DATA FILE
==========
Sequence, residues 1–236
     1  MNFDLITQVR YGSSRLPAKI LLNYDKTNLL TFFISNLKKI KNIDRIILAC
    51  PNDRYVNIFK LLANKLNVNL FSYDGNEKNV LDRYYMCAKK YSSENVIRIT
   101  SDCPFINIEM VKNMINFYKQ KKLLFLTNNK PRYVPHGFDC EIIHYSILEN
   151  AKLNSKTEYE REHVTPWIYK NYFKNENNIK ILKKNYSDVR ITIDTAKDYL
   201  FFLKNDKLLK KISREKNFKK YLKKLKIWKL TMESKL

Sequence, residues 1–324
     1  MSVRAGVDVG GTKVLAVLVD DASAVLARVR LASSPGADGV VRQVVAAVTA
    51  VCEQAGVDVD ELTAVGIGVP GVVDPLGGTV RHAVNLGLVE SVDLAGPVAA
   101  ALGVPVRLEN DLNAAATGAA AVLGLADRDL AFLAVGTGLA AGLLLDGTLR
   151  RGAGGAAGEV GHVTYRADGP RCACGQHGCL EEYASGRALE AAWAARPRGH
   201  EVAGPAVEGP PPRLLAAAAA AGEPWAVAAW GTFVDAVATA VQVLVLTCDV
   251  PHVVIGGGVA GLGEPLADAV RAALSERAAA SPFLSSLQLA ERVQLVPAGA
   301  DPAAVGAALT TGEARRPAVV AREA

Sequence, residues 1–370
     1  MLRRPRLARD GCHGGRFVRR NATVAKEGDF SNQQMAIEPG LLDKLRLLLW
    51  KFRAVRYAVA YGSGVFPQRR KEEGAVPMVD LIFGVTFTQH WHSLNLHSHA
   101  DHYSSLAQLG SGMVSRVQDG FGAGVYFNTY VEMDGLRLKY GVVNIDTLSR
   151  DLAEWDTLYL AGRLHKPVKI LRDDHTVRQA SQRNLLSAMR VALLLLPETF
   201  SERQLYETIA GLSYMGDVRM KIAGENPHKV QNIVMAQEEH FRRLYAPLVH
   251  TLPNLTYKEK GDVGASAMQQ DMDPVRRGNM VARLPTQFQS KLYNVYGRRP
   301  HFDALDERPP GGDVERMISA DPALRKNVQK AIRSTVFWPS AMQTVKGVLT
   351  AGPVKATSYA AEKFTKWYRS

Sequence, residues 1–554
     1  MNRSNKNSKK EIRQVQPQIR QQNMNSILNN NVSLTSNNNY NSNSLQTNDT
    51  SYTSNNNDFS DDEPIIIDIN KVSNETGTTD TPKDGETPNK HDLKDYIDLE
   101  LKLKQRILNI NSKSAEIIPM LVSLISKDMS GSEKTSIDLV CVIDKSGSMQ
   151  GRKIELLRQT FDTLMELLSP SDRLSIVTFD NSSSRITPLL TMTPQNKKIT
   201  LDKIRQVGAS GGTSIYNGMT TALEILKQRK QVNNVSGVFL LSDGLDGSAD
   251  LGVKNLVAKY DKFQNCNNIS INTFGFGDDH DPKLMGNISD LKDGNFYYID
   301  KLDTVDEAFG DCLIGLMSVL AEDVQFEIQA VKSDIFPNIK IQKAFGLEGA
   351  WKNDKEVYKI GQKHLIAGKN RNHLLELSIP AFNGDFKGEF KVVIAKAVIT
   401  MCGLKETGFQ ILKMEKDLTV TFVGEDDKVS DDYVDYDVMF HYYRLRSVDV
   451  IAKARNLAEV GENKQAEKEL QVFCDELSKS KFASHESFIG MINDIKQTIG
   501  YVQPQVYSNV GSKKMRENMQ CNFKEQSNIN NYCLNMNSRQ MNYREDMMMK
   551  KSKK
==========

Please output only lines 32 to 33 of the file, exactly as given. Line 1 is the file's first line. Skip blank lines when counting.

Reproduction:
   351  WKNDKEVYKI GQKHLIAGKN RNHLLELSIP AFNGDFKGEF KVVIAKAVIT
   401  MCGLKETGFQ ILKMEKDLTV TFVGEDDKVS DDYVDYDVMF HYYRLRSVDV